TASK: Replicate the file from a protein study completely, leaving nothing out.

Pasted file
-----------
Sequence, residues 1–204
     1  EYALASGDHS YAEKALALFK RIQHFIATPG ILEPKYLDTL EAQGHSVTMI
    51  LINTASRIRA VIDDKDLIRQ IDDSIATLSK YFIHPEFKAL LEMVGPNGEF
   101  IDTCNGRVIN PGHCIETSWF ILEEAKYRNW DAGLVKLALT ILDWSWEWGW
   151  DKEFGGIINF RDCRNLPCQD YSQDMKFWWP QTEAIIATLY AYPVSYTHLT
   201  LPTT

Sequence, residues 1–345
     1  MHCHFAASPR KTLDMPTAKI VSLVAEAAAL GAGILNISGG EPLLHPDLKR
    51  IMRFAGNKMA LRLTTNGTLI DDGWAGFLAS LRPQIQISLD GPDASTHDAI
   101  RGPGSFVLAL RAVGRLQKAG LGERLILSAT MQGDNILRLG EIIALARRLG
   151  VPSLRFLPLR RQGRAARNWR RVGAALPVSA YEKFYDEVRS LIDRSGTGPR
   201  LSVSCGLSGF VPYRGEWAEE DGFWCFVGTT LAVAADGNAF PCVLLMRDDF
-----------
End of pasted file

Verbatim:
Sequence, residues 1–204
     1  EYALASGDHS YAEKALALFK RIQHFIATPG ILEPKYLDTL EAQGHSVTMI
    51  LINTASRIRA VIDDKDLIRQ IDDSIATLSK YFIHPEFKAL LEMVGPNGEF
   101  IDTCNGRVIN PGHCIETSWF ILEEAKYRNW DAGLVKLALT ILDWSWEWGW
   151  DKEFGGIINF RDCRNLPCQD YSQDMKFWWP QTEAIIATLY AYPVSYTHLT
   201  LPTT

Sequence, residues 1–345
     1  MHCHFAASPR KTLDMPTAKI VSLVAEAAAL GAGILNISGG EPLLHPDLKR
    51  IMRFAGNKMA LRLTTNGTLI DDGWAGFLAS LRPQIQISLD GPDASTHDAI
   101  RGPGSFVLAL RAVGRLQKAG LGERLILSAT MQGDNILRLG EIIALARRLG
   151  VPSLRFLPLR RQGRAARNWR RVGAALPVSA YEKFYDEVRS LIDRSGTGPR
   201  LSVSCGLSGF VPYRGEWAEE DGFWCFVGTT LAVAADGNAF PCVLLMRDDF